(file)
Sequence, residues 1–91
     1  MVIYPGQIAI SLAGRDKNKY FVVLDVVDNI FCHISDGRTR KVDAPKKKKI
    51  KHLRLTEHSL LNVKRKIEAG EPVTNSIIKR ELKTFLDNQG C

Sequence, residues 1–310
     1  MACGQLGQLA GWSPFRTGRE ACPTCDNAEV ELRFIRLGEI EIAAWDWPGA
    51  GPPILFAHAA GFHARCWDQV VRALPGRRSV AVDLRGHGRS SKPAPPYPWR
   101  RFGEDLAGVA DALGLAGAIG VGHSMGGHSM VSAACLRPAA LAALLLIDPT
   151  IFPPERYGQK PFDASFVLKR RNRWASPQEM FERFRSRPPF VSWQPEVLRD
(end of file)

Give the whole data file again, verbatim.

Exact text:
Sequence, residues 1–91
     1  MVIYPGQIAI SLAGRDKNKY FVVLDVVDNI FCHISDGRTR KVDAPKKKKI
    51  KHLRLTEHSL LNVKRKIEAG EPVTNSIIKR ELKTFLDNQG C

Sequence, residues 1–310
     1  MACGQLGQLA GWSPFRTGRE ACPTCDNAEV ELRFIRLGEI EIAAWDWPGA
    51  GPPILFAHAA GFHARCWDQV VRALPGRRSV AVDLRGHGRS SKPAPPYPWR
   101  RFGEDLAGVA DALGLAGAIG VGHSMGGHSM VSAACLRPAA LAALLLIDPT
   151  IFPPERYGQK PFDASFVLKR RNRWASPQEM FERFRSRPPF VSWQPEVLRD